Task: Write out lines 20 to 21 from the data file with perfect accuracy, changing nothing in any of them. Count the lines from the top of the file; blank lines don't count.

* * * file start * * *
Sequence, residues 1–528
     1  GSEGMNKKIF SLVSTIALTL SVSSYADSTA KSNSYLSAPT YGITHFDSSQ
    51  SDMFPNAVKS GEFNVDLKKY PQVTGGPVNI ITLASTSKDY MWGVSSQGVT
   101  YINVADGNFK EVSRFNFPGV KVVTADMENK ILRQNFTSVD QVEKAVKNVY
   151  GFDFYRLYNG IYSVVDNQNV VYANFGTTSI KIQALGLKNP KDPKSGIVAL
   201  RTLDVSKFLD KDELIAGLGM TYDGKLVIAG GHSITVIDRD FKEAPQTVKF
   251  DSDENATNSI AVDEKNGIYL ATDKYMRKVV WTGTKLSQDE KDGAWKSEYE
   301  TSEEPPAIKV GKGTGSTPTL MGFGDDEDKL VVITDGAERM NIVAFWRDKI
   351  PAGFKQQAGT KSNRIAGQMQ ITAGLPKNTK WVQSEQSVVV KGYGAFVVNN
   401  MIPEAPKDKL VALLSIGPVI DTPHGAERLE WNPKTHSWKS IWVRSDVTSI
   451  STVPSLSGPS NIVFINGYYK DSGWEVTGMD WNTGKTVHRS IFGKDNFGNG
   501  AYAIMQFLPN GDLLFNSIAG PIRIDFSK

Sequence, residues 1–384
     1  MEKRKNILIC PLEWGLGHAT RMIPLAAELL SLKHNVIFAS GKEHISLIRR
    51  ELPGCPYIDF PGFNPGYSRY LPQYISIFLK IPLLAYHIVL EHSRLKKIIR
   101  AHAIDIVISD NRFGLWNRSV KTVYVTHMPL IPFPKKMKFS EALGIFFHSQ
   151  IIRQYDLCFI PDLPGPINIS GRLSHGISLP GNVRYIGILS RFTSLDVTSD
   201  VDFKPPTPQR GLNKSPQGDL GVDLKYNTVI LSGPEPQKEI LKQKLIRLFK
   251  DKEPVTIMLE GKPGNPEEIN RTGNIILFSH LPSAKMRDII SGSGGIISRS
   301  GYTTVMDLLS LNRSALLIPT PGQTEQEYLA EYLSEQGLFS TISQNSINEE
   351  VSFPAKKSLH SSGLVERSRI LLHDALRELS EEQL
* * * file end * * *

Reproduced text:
   301  GYTTVMDLLS LNRSALLIPT PGQTEQEYLA EYLSEQGLFS TISQNSINEE
   351  VSFPAKKSLH SSGLVERSRI LLHDALRELS EEQL